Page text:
First public livecode

Last night I stumbled into my first public outing of some livecoding I’ve been working on in SuperCollider. The context was an improvisation night called In Tandem run by Bruce Wallace at the Academy of Music and Sound in Glasgow. I hadn’t intended to play, as I really don’t feel I’m ready yet, but I had my laptop and cables with me, they had a projector, so…!

I was jamming along with three other people, on bass, guitar and analog synth. It all went by in a blur, but everyone there seemed to think what I was doing was ok – mostly making grooves out of a random collection of drum samples, but running some algorithmically chosen chords as well.

The code is below: this is my screen exactly as I left it at the end of the night, mistakes and all. Although Toplap say ‘show us your screens’, they don’t say ‘show us your code’, but… it seems the right thing to do.

// the end!
// they still going
// if you're curious, this is SuperCollider
// musci programming language
// writing code live is called, er, livecoding
// i'm just starting out
"/Users/jsimon/Music/SuperCollider Recordings/hitzamples/".openOS;

Pdef.all.clear; // clear things out
~hitzpath="/Users/jsimon/Music/SuperCollider Recordings/hitzamples/"; // a folder of samples
~hbufs = (~hitzpath ++ "*.aiff").pathMatch.collect({ |i|, i)}); // samples into an array of buffers
t = TempoClock(140/60).permanent_(true); // tempo 140 bpm
u = TempoClock(140/60 * 2/3).permanent_(true); // tempo 140 bpm * 2/3
SynthDef(\bf, {|out=0 buf=0 amp=0.1 freq=261.6255653006|
var sig =, buf, * freq/60.midicps, doneAction:2);, sig * amp)
}).add; // this whole chunk defines a synth patch that plays samples

// Pdef.all.clear;
//"/Users/jsimon/Music/SuperCollider Recordings/".openOS;
// t.sync(140/60, 16);

(instrument: \bf, \buf: ~hbufs.choose).play; // play an event using the synth called \bf
// pick a randoms sample from the array
(instrument: \bf, \buf: ~z).play;
~z = ~hbufs.choose;

t.sync(140/60, 32); // gradual tempo changes possible
u.sync(140/60 * 2/3, 16);
v.sync(140/60 * 5/3, 16);

Pbindef(\x, \instrument, \bf, \buf, ~hbufs.choose).play(t).quant_(4);
Pbindef(\y, \instrument, \bf, \buf, ~hbufs.choose).play(u).quant_(4);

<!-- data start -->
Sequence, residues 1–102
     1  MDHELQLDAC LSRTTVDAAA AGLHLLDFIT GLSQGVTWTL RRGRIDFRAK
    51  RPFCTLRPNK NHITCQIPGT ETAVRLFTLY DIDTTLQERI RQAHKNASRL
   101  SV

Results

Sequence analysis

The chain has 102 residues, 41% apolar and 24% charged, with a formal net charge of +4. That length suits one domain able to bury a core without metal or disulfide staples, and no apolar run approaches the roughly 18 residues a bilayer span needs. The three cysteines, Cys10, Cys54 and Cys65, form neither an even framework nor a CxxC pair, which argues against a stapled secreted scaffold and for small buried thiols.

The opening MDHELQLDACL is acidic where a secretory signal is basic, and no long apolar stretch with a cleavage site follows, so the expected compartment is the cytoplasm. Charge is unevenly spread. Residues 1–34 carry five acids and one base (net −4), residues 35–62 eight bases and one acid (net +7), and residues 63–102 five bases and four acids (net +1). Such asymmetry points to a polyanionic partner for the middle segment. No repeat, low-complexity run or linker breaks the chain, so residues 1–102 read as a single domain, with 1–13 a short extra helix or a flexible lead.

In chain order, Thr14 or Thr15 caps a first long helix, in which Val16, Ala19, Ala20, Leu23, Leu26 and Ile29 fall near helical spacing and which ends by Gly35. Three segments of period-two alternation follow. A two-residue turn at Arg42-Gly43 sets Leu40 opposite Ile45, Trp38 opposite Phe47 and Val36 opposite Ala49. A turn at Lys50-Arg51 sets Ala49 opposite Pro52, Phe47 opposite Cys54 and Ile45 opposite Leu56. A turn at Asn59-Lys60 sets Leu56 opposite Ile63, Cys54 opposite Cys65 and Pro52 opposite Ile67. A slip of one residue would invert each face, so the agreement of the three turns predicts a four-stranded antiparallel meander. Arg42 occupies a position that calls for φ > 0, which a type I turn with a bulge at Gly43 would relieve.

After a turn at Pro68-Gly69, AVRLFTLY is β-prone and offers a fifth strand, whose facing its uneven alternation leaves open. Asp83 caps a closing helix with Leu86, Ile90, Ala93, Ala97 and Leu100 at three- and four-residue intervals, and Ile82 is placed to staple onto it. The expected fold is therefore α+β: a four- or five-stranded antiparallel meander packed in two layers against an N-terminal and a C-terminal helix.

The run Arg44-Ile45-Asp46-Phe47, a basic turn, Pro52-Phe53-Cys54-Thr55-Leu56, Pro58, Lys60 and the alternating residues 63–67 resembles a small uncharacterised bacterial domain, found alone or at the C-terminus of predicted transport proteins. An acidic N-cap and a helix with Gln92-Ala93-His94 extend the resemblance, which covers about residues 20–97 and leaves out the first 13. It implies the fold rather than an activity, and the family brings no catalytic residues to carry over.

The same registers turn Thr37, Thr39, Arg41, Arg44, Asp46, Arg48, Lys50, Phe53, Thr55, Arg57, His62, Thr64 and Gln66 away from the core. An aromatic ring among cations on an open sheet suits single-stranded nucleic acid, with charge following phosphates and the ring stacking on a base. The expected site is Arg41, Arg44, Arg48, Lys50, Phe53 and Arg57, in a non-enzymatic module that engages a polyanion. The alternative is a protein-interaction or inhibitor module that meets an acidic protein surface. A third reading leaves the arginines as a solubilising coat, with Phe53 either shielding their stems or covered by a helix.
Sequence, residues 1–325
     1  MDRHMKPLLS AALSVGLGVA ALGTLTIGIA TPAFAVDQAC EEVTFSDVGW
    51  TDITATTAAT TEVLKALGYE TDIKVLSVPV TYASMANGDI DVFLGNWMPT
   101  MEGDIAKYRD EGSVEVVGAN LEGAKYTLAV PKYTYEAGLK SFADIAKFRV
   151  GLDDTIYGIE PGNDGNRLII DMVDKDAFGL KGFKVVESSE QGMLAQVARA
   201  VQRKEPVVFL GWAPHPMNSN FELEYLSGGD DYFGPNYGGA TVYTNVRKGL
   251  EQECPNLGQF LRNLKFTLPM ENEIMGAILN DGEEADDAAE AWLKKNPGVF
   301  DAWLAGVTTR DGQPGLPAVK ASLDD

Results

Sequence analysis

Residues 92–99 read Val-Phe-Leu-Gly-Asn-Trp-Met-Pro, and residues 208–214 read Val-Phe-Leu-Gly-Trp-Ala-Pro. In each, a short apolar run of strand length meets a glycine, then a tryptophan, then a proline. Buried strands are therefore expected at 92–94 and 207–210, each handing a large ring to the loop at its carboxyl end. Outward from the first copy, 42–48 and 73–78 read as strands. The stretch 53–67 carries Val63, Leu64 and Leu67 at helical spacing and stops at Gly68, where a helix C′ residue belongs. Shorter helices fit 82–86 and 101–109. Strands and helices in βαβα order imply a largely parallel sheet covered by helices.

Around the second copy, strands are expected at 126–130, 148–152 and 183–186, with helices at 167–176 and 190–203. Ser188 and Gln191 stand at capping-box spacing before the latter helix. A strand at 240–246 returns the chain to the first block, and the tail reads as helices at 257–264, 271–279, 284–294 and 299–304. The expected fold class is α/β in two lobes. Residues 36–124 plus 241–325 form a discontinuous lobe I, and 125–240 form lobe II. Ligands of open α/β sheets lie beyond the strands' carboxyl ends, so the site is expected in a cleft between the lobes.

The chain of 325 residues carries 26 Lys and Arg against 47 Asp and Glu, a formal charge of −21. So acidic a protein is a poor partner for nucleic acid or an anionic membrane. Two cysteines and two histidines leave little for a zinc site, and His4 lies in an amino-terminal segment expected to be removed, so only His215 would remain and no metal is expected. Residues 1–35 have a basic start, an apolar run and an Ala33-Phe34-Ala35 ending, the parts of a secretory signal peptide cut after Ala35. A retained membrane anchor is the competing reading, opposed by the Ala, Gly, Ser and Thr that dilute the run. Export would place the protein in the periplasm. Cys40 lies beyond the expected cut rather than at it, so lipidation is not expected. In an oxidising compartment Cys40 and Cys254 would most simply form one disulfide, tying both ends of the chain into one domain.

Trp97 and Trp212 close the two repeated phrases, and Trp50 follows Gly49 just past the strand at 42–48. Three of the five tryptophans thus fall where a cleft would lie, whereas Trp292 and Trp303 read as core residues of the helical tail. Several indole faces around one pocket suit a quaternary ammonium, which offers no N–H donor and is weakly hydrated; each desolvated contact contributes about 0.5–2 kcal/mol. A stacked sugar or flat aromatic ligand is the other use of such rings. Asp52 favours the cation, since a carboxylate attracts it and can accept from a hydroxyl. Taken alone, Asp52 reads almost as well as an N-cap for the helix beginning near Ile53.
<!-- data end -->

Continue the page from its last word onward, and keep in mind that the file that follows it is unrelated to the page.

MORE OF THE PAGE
Pbindef(\z, \instrument, \bf, \buf, ~hbufs.choose).play(v).quant_(4);
Pbindef(\z, \instrument, \bf, \buf, ~hbufs.choose).play(v).quant_(4);
~g1 = {~hbufs.choose}!16; // choose sixteen samples at random = one bar full
~g2 = {~hbufs.choose}!16;
Pbindef(\x, \buf, Pseq(~g1, inf)); // play those sixteen samples chosen
Pbindef(\x, \buf, Pseq(~g2, inf)); // different sixteen, so, a variation.
Pbindef(\x, \dur, 0.5);
~d1 = {2.rand/10}!16;
~d2 = {2.0.rand/10}!16;
Pbindef(\x, \amp, Pseq(~d1, inf));
Pbindef(\x, \amp, 0.2);
Pbindef(\x, \note, Prand((-36..0), inf));
Pbindef(\x, \note, Pseq({(-24..0).choose}!16, inf)); // pitch each sample down by random amount
Pbindef(\x, \note, nil);

// hmm. blx diminished, that's just C major!
// was using \degree instead of \note, better sounds a bit more like messiaen now :)
~c = {var x = Scale.diminished2.degrees.scramble.keep(4).sort; x.insert(1,(x.removeAt(1)-12))};
// hexMajor thing also works beautifully now!
~c = {var x = Scale.hexMajor6.degrees.scramble.keep(4).sort; x.insert(1,(x.removeAt(1)-12))};

// next question might be changing \note, \dur and \root in a coordinated way
Pbindef(\k, \note, Pstutter(Prand([5,7,9,11,13]*2, inf), Pfunc(~c)),
\dur, 0.5,
\root, 3, // best option for feeling of key change
\amp, Prand((2..5)/70,inf)

One Response to First public livecode

  1. Jena Thomson says:

    Yay! This was so interesting to see, I’m really glad you decided to jump in. :-)

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